Each day, millions of calls transfer seamlessly from VoIP to landline phone systems. But these technologies differ significantly. So how do VoIP calls connect with a landline phone system? This post describes how these two divergent systems work and how they connect. We also review the devices you can use to place VoIP calls and offer five reasons to consider making the switch to VoIP.
How does a VoIP to landline connection work?
Before we talk about how the VoIP to landline connection happens, let’s cover how each system works. Traditional landline phones convert voice data into electrical signals, transmitting them across a network of physically connected phone lines that crisscross the globe. VoIP phones work very differently. They convert voice data into small packets of digital data on voice over IP servers. Each packet is assigned the IP address of its final destination. That data travels out through a high-speed internet connection and is reassembled into voice data on the other end of the call.
When someone with a VoIP phone places a call to someone else with a VoIP system, the voice data from their conversation simply travels back and forth from one IP address to another. However, when a VoIP call is placed to someone who’s using a traditional landline phone system, an extra step is required.
The call begins as packets of voice data sent through the internet, but at some point along the way, the call must enter the Public Switched Telephone Network (PSTN) system. (The PSTN is the network of physical telephone lines and circuit switches that transmit the analog voice data for those still using traditional landline phone service.) This point of entry is called address translation. During address translation, the IP address attached to the packets of voice data is translated to the recipient’s phone. Address translation is what makes connecting VoIP and PSTN systems possible. Although this process may sound a bit complex, it all happens in the blink of an eye.
Concerned about security? Read VoIP vs landline security to learn how to protect your privacy with VoIP.
Devices you can use to make VoIP calls.
With VoIP systems, you have lots of flexibility on what devices you can use to make calls. No matter which device you choose, you can expect to experience clear, crisp voice quality.
These phones are specifically designed to work with VoIP systems. You won’t need any special adaptors or other hardware to begin using them. Depending on which phone you choose, you’ll either plug it into a hardwired home ethernet port or connect it wirelessly via Wi-Fi.
Standard analog phone with VoIP adapter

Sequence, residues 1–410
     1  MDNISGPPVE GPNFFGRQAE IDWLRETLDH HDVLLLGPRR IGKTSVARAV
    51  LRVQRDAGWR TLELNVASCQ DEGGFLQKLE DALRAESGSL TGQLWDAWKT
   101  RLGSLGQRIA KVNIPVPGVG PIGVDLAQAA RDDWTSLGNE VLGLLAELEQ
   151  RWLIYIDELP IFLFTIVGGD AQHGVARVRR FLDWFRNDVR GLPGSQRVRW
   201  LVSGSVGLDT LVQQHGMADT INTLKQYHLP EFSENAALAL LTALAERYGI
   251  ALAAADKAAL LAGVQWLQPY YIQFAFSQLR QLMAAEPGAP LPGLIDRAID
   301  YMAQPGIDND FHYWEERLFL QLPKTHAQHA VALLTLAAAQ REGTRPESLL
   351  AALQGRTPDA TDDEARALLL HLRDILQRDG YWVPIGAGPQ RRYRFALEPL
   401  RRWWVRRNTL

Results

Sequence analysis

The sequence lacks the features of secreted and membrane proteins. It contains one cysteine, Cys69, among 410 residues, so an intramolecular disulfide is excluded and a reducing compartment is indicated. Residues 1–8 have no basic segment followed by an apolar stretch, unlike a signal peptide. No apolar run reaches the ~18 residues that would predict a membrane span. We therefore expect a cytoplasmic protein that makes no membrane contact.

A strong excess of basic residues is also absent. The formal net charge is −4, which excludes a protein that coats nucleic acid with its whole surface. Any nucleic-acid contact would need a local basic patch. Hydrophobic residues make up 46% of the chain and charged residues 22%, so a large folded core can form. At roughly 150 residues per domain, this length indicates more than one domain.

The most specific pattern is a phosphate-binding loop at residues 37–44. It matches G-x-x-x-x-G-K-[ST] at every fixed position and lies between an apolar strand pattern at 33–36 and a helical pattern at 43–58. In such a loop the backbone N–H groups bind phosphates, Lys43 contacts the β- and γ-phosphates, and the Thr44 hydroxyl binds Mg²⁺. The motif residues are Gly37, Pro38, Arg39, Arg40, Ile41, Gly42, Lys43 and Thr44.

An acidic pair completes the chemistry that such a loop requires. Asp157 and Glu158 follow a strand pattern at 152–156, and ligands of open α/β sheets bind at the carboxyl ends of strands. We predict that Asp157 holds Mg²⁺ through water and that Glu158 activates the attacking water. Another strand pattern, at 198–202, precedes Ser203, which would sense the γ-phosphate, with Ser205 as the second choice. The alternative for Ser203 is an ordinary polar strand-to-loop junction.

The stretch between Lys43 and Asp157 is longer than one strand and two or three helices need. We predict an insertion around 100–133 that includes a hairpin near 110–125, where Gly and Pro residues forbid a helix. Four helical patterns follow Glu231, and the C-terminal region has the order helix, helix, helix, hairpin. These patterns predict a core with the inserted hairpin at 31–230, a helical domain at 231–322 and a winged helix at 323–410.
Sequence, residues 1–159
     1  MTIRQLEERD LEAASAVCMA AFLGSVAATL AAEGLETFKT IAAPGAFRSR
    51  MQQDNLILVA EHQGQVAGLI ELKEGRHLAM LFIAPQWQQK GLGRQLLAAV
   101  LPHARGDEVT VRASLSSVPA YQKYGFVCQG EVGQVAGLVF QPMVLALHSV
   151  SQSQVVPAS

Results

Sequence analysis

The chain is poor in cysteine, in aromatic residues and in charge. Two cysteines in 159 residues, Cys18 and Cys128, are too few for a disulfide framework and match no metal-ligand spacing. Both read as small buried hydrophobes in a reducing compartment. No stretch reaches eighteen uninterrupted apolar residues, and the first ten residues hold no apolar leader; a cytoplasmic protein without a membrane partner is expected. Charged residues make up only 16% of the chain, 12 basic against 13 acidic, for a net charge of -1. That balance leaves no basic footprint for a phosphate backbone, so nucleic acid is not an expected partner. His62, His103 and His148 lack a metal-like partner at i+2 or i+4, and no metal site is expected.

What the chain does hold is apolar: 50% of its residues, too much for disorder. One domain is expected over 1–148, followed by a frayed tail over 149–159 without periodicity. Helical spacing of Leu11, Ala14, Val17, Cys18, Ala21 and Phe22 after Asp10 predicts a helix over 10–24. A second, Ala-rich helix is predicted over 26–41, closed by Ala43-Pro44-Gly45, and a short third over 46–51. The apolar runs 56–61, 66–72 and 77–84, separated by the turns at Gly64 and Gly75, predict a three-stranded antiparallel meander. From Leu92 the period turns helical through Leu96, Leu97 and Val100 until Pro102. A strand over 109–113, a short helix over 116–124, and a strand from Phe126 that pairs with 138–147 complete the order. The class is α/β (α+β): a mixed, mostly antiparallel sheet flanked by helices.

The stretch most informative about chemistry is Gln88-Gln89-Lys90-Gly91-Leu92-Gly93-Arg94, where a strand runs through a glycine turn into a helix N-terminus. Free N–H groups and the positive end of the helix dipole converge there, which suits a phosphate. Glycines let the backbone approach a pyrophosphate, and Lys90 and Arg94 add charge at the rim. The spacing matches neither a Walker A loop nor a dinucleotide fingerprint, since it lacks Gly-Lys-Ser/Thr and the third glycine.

When moving to a VoIP system from a traditional landline phone, you have the option of keeping your existing home phone. A VoIP adapter plugs into your old equipment to convert it into a VoIP-enabled device.
Smartphone devices via the VoIP mobile app
With a VoIP home phone, you don’t have to be at home to make and receive calls from your home number. Simply install your VoIP provider’s mobile app on your smartphone or tablet to gain full access to your home phone line. Never miss an important call just because you’re away from home.
Check out our Home Phone Calculator to see how much you can save when switching to VoIP!
5 Reasons to choose VoIP over landlines.
Residential VoIP landlines come with a lot of advantages over the traditional landline phone. Here are just a few of the benefits.
1. Easy to get up and running quickly
Getting a VoIP home phone system up and running is simple. Complete the online account setup process, select a home phone number (or port over your existing one), and plug your VoIP phone or old home phone with a VoIP adapter into your internet connection. It’s that easy.
2. Low- or no-cost plans
Choosing to use a VoIP home phone provider offers substantial savings. For example, Ooma offers a basic no-cost monthly plan. All you’ll pay each month are the government-mandated taxes and fees. Depending on where you live, these usually range between $4-$7.
3. Superior voice quality
Many VoIP providers offer excellent voice quality. Ooma’s HD Voice technology captures twice the amount of acoustical data than a traditional landline phone, resulting in exceptionally clear call quality.
4. Low-cost or unlimited international calling
If you have friends and family in other countries, you know that the cost of keeping in touch can add up quickly. VoIP home phone services offer low- or no-cost international calling plans. Ooma’s World Plan offers unlimited calling to landline phones in 60 countries and cell lines in 10 countries.
5. Advanced spam and telemarketer call blocking
One of the biggest disadvantages of maintaining a home phone service is the constant barrage of marketing and spam calls. Some providers like Ooma maintain a continuously-updated database of known and suspected spam callers, blocking these calls before your phone even rings.
VoIP to landline is simple.
Placing VoIP to landline calls is easy. Although these two systems work differently, the technology that connects them is well-established. You can confidently enjoy the many benefits of VoIP, even when calling landline phones.
Learn more about the process of switching to VoIP by reading our guide, Best Landline Alternative for Home Phone!